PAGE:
“Thar’s gold in them there hills!” may be more than a colloquialism in Colbert County, Alabama. Tucked away in the northwest corner of the state, one of the most intriguing lost treasure tales has weathered the test of time and survived the scrutiny of doubtful treasure researchers.
The tale of the Redbone Cave treasure lode originates in the 1700s in northwest Alabama. Most of what is now Colbert County was a vast rugged wilderness under the control of the Chickasaw Indians. Chickasaw encounters with whites had long generated mistrust and any unfortunate whites who entered the territory were likely to be attacked. The Chickasaws were also noted for looting their victims. It was during this period that a lone trapper found himself deep within Chickasaw territory.
The trapper was soon spotted and captured by a band of Chickasaw scouts. He was tied up and dragged through the underbrush until they reached a village. The village was situated on the north bank of the Tennessee River in the general area of present day Muscle Shoals, Alabama.
While the tribal chieftains debated what gruesome fate awaited the trapper, he was herded up a mountain and thrown into a cave with Chickasaw warriors posted at the entrance. No longer fettered, he began to explore the cave, lit only by a small sliver of light from outside. Although not large, the cave was high enough in the central area for him to stand up. As he felt his way around he discovered an unbelievable find. The cave was stacked with gold bars alongside wooden chests filled with coins and jewelry. The trapper realized he was viewing a treasure trove of booty from Chickasaw raids.
Redbone Cave Today
According to the legend, the trapper managed to escape his captors and spent the rest of his days retelling the cave treasure story from county to county and state to state. While the circumstances surrounding his escape are undocumented, there is reason to believe that the Redbone Cave Treasure is not a fabrication.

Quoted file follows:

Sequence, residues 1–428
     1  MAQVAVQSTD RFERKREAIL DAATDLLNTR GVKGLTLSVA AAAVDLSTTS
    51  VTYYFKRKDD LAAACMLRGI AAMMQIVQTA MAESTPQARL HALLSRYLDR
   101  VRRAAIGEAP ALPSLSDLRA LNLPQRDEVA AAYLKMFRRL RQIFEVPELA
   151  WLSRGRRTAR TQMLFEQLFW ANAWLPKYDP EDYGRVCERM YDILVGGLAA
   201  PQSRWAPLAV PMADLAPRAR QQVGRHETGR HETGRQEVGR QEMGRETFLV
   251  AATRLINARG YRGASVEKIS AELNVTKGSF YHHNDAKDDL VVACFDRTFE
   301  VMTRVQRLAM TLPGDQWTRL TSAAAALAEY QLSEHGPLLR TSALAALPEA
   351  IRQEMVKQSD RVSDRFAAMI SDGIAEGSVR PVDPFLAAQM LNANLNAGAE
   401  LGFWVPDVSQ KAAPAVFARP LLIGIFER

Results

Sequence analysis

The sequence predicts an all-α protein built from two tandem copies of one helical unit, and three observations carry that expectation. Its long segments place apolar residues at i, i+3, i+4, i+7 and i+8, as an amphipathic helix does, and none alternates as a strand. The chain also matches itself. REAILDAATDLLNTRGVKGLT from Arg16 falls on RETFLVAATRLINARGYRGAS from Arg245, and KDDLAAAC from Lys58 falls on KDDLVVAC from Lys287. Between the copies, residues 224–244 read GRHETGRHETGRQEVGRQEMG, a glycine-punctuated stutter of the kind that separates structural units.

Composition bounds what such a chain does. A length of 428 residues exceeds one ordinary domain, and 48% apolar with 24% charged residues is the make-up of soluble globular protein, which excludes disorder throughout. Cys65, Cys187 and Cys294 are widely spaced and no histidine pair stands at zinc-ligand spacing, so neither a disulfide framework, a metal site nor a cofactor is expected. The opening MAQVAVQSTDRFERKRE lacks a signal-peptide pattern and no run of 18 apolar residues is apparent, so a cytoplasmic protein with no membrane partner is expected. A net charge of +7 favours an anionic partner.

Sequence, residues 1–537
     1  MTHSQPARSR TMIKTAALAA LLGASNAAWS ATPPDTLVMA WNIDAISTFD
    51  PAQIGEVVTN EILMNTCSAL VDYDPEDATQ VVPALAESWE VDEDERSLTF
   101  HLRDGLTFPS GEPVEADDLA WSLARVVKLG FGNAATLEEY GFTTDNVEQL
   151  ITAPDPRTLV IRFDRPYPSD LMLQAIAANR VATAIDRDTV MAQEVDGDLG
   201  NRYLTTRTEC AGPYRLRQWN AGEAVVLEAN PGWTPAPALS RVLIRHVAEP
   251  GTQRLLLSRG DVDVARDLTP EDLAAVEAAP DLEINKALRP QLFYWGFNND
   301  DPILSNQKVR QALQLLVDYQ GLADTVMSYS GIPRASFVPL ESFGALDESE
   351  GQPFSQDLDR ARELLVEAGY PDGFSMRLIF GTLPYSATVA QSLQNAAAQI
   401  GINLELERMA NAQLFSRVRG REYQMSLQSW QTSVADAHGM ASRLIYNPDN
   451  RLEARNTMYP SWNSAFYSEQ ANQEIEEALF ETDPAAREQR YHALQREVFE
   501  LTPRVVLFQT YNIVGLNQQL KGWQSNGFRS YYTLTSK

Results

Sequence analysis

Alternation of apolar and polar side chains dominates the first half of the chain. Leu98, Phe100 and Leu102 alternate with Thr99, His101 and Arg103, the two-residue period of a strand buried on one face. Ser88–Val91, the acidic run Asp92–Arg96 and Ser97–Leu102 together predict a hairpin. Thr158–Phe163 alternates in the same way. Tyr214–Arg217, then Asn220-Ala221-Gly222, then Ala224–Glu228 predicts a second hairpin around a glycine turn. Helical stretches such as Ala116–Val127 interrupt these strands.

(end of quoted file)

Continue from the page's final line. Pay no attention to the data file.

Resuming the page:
Much of the Chickasaw anger and fear of intruders stemmed from the time of the Conquistadors. Hernando De Soto and company roamed and ravaged the southeast from 1539-1542 and were in Chickasaw territory in 1541. De Soto demanded 200 porters for his supply train. The Chickasaws refused and a battle ensued… The conquistadors suffered heavy losses, which would also have included any gold, silver or jewelry they were transporting.
Fast-forward to Colbert County, 1971. Two treasure hunters searching for Redbone Cave discovered a gold ingot the size of a brick along the banks of the Tennessee running close to the Natchez Trace Bridge in Colbert County. Researchers later confirmed the ingot was of Spanish origin.
Several years later, a farmer plowing a field near Smithsonia in nearby Lauderdale County uncovered another gold ingot. This bar was also determined to be Spanish.
Whether or not these finds are from the Redbone trove is debatable. Many locals in Colbert County believe they are, along with a significant number of professional treasure hunters. Detractors cite a lack of definitive proof connecting the ingots to Redbone and theorize any ingots in the area may be left from a raid on a Spanish payroll train. There have likely been other ingots found but not publicized.
If the Redbone Cave treasure exists, it is likely the result of the loot from the 1541 battle, or possibly a combination of raids on Spanish columns in Chickasaw territory during the conquistador period. So if you have the gold bug, head to Colbert County and start digging around. DeSoto’s misfortune may turn out to be your good fortune.